Changes to Japanese school uniforms are coming – Quartz

The new school year is going to be different in Tokyo, as school uniforms are undergoing a significant and symbolic change for the first time in decades.

From April 1, nearly 200 public schools in the Japanese capital will abolish regulations that dictated the color of students’ underwear and the type of haircuts they are allowed to get. The Tokyo School Board made the updates after a recent survey revealed that the majority of parents, students and teachers believe current school uniforms are outdated and impractical.

Several schools also changed their disciplinary methods and eliminated the practice of putting students under “house arrest” as a form of punishment.

Reuters/Issei Kato

Similarity vs self-expression

In one Press statementKaori Yamaguchi, a member of the Tokyo Metropolitan Government’s Board of Education, said she hopes developments in school uniforms will inspire the public to question other outdated traditions in Japan. “Japanese people were brought up to believe it’s a virtue to just play by the rules,” she said. “I hope this will be an opportunity for people to discuss what we should be doing, to create a society where the rules are respected in a way that is convincing for everyone.

Tokyo is among several Japanese regions that are examining a school uniform pattern that dates back to the early 19th century. Several progressive high schools have adopted “gender neutral uniforms” allowing students to choose between pants and skirts. The schools of Mie Prefecture allow students to wear Uniqlo as a type of informal uniform.

The importance of black hair in Japan

The font of hairstyles, in particular, has become a contentious issue. Prior to this school year, male students in Tokyo were prohibited from obtaining a “Two K-Pop Style Blocks” cut. In 2020, a politician challenged the education body’s reasoning this prohibit undercuts aimed to protect students from “being involved in incidents or having accidents”.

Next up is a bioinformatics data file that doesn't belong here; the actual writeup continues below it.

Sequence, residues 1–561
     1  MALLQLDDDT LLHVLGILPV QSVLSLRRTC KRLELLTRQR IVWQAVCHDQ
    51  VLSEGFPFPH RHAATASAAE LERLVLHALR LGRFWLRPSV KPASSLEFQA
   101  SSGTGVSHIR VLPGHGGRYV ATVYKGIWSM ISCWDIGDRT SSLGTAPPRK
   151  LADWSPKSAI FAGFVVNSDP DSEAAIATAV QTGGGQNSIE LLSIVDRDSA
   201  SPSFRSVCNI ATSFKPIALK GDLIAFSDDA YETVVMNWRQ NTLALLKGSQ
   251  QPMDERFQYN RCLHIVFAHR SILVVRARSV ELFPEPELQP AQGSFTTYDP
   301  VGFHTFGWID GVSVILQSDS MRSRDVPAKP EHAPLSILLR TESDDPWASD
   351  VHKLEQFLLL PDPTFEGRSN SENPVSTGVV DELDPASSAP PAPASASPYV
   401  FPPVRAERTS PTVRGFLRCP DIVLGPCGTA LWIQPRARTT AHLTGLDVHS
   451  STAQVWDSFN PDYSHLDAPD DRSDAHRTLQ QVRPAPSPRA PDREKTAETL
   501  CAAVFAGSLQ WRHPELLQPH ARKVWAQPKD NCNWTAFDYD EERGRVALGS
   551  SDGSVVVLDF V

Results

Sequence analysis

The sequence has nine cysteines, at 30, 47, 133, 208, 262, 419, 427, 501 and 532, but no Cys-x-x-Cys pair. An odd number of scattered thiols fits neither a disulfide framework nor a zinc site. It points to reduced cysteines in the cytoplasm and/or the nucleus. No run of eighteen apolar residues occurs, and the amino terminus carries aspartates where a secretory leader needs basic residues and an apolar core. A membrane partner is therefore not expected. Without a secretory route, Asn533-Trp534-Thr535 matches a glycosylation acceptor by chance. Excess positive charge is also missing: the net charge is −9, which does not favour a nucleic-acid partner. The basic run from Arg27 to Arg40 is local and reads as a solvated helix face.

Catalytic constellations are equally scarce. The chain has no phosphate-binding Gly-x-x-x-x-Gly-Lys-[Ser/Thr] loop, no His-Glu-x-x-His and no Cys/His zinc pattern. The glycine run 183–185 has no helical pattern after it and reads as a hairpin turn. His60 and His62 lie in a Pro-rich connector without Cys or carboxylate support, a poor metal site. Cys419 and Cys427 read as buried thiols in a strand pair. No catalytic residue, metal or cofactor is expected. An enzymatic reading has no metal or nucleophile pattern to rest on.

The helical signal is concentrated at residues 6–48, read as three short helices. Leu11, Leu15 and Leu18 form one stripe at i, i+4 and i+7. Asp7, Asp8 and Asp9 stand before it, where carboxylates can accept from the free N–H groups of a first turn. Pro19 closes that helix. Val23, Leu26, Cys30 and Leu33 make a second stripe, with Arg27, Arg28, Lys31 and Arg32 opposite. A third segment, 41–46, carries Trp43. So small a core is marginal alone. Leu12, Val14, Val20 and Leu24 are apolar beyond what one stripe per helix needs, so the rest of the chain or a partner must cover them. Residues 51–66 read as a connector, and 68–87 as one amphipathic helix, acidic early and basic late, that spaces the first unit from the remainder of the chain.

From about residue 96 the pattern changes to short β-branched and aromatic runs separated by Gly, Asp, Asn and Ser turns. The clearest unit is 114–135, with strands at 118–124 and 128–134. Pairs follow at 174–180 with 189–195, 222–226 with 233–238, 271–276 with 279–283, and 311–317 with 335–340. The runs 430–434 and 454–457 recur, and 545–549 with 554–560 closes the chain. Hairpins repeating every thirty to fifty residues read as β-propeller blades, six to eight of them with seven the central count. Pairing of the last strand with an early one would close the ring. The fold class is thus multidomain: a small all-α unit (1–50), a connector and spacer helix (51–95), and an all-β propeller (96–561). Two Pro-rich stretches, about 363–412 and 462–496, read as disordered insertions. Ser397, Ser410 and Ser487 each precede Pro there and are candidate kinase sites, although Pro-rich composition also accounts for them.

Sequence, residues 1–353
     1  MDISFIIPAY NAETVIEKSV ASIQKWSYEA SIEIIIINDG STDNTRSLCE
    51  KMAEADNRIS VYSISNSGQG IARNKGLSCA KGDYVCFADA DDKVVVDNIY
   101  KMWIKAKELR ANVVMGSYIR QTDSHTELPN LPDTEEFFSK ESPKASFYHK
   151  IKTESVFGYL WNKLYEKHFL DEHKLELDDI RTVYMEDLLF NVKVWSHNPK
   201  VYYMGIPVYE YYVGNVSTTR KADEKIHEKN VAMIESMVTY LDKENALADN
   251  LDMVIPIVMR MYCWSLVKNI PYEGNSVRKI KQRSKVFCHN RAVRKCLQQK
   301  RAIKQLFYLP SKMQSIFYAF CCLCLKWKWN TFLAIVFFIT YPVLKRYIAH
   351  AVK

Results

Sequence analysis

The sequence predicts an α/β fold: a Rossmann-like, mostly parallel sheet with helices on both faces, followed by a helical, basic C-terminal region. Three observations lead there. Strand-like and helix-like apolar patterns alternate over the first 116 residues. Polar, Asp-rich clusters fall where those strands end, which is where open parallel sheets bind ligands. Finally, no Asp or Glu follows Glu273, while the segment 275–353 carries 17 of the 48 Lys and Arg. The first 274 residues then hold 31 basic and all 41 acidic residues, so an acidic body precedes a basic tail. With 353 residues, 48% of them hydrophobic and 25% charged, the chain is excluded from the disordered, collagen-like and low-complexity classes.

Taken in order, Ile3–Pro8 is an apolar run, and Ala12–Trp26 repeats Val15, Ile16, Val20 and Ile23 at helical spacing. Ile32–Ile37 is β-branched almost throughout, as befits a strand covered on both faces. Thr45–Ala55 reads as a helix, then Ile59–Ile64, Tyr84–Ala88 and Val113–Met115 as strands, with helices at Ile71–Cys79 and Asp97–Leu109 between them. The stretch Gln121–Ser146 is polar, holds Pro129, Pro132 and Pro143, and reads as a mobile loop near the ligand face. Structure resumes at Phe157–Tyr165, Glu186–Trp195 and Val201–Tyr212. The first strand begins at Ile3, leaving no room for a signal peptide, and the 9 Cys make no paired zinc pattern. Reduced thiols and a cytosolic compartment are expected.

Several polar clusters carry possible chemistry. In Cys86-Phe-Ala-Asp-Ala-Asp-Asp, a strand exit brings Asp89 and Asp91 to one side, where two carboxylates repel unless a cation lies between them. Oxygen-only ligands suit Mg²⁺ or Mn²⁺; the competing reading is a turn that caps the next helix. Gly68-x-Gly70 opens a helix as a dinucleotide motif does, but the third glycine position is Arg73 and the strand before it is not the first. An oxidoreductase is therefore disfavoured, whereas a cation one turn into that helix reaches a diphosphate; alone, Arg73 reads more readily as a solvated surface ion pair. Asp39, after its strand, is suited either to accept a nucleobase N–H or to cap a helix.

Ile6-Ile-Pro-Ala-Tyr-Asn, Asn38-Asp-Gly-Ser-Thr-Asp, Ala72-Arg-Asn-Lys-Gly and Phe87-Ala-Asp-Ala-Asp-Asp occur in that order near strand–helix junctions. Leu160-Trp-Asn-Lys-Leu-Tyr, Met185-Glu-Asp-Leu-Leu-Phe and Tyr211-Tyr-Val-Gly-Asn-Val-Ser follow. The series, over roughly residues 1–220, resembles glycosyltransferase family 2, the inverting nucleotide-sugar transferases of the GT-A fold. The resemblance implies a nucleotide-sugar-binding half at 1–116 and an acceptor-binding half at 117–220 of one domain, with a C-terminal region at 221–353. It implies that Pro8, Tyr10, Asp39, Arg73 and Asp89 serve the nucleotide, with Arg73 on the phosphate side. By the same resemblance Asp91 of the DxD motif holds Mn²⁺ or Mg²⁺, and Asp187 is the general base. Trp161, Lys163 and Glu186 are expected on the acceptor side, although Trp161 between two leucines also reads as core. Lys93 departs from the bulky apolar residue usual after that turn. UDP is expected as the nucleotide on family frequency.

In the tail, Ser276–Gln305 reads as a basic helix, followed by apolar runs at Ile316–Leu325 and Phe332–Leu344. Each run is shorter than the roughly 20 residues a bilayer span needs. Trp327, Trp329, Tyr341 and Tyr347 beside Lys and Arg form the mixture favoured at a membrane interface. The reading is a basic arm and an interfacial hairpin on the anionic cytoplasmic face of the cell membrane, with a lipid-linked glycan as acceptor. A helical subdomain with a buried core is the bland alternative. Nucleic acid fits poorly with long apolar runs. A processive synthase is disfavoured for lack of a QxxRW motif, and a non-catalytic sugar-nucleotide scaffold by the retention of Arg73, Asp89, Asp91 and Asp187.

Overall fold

Another rule requiring students to use chemicals to achieve a straight jet black mane has been challenged in court. A high school student won a case against the Osaka school system for health issues resulting from having to periodically dye their hair in accordance with school standards. Manure atama (pudding head) – the state where its natural roots begin to show – was forbidden.

Critics say the obsession with black hair is based on a past fantasy about the Japanese image. Jet black hair, or kurokamievokes an idealized Japanese woman equated with submission, order and cleanliness, as language researcher Mami Suzuki explains in the culture blog Tofugu.

The Family Mart convenience store chain banned employees with naturally black hair from altering their color. When he retired from politics in 2018 in deference to foreign workers, the retailer learned that some customers perceived dark hair as “friendly” and light hair was seen as “dirty.” In 2019, Pantene launched a #HairWeGo Campaign explore facets of the restrictive Japanese norm. The campaign resulted in a petition calling on schools to abolish restrictions on hair color.

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